The view that young people in churches are sexually active before marriage was common among religious leadership. The majority of religious leaders also reported that they are responsible for educating young people about HIV prevention. Religious leaders who had received training on HIV were more likely to run a life skills programme for young people, however they were ambivalent about prevention messages. Young people reported premarital sexual abstinence as the main HIV prevention message from their churches. The majority responded that they had received information about HIV in church. To be in a relationship was common, more so for males for whom multiple relationships also were viewed more acceptable. To perceive themselves at risk of HIV infection was common.

Further training for religious leaders is needed to enable them to manage the conflict between the doctrine of the church and their willingness to assist young people in the transition into adulthood.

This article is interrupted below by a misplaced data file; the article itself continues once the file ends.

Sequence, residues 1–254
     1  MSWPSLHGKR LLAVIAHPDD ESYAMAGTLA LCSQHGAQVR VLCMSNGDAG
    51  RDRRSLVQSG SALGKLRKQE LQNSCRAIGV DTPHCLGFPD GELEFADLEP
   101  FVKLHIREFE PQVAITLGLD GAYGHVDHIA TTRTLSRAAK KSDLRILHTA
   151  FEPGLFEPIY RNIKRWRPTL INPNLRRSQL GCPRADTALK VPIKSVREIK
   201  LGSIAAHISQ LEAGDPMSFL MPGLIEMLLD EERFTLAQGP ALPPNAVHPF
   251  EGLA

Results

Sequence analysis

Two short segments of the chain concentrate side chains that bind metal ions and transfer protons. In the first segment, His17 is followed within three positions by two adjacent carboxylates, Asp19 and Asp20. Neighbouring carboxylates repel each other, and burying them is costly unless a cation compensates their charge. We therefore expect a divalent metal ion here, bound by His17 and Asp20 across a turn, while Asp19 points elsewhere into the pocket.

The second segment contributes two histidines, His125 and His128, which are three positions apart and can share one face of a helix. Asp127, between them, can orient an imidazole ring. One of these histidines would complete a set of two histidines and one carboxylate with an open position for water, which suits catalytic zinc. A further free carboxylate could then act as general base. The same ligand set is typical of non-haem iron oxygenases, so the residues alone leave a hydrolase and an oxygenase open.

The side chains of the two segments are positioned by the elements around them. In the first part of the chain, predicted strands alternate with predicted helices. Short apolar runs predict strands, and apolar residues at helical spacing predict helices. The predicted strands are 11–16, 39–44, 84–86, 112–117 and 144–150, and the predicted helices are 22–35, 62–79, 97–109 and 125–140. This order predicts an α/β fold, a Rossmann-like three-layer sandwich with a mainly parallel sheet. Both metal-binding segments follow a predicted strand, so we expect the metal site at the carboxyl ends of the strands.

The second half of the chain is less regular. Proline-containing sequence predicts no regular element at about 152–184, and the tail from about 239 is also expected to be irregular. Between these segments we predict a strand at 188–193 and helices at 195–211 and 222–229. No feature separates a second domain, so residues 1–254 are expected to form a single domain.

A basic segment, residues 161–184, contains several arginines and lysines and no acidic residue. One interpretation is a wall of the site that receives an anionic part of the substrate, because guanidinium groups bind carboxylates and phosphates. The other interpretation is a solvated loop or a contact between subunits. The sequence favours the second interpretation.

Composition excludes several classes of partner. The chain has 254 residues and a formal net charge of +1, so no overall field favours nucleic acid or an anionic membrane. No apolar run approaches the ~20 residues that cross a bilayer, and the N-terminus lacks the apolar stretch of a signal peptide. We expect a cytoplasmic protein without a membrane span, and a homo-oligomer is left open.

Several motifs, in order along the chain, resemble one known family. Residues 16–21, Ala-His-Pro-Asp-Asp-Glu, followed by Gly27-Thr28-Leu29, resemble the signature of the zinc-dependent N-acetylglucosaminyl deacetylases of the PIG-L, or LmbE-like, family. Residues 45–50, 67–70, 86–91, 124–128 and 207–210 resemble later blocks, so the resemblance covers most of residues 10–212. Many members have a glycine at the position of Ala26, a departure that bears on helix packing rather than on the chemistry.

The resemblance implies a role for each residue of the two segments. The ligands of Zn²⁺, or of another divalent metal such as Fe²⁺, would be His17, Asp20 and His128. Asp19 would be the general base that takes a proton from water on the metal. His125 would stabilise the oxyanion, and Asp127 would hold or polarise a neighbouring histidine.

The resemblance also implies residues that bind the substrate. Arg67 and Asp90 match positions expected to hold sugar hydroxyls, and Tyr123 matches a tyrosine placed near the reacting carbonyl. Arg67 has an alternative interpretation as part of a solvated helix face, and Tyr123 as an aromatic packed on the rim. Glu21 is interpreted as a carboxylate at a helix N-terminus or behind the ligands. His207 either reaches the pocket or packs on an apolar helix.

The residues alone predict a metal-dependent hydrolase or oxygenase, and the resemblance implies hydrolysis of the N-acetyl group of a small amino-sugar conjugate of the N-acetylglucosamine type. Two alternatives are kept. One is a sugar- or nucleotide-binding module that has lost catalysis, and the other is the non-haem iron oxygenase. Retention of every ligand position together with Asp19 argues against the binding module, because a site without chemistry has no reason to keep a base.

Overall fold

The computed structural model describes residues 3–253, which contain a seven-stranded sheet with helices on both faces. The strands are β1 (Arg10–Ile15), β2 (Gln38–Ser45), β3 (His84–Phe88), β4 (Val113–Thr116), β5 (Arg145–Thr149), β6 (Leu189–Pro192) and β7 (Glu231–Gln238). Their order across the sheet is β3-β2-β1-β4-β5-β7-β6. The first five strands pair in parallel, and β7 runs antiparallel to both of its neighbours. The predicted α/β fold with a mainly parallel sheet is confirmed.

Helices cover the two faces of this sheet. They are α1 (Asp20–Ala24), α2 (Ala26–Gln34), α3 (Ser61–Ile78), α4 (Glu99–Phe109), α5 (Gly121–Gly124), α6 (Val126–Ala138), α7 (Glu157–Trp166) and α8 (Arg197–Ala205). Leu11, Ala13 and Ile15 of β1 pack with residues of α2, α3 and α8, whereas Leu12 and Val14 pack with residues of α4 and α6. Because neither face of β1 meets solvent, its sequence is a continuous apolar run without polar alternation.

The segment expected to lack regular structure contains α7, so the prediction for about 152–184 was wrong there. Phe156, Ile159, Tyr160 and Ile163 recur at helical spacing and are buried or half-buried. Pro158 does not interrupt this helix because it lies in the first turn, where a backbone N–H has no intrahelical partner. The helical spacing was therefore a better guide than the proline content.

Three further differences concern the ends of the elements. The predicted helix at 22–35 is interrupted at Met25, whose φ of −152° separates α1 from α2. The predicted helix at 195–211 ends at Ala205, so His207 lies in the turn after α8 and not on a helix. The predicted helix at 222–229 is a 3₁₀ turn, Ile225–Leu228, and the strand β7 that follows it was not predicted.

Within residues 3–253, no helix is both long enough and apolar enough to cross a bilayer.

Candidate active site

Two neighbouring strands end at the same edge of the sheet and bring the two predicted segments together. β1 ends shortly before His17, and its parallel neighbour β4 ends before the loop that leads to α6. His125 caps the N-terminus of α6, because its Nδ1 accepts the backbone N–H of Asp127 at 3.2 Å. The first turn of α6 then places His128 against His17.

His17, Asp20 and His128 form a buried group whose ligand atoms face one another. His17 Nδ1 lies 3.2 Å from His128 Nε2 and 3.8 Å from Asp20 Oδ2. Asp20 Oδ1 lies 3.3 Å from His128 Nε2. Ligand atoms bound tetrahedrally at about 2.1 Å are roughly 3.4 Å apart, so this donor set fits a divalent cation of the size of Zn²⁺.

Place, publisher, year, edition, pages
Uppsala: Acta Universitatis Upsaliensis, 2011. 69 p.
Series
Digital Comprehensive Summaries of Uppsala Dissertations from the Faculty of Medicine, ISSN 1651-6206 ; 684
Keyword
HIV prevention, Young people, Religion, Religious leaders, Sexuality, HIV risk, South Africa
National Category
Medical and Health Sciences
Research subject
International Health
Identifiers
urn:nbn:se:uu:diva-155097 (URN)978-91-554-8113-1 (ISBN)
Public defence
2011-09-23, Room IX, Universiteteshuset, Biskopsgatan 3, Uppsala, 09:15 (English)
Opponent
Supervisors
Note
Faculty of MedicineAvailable from: 2011-08-30 Created: 2011-06-16 Last updated: 2011-09-08Bibliographically approved

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Eriksson, ElisabetLindmark, GunillaAxemo, Pia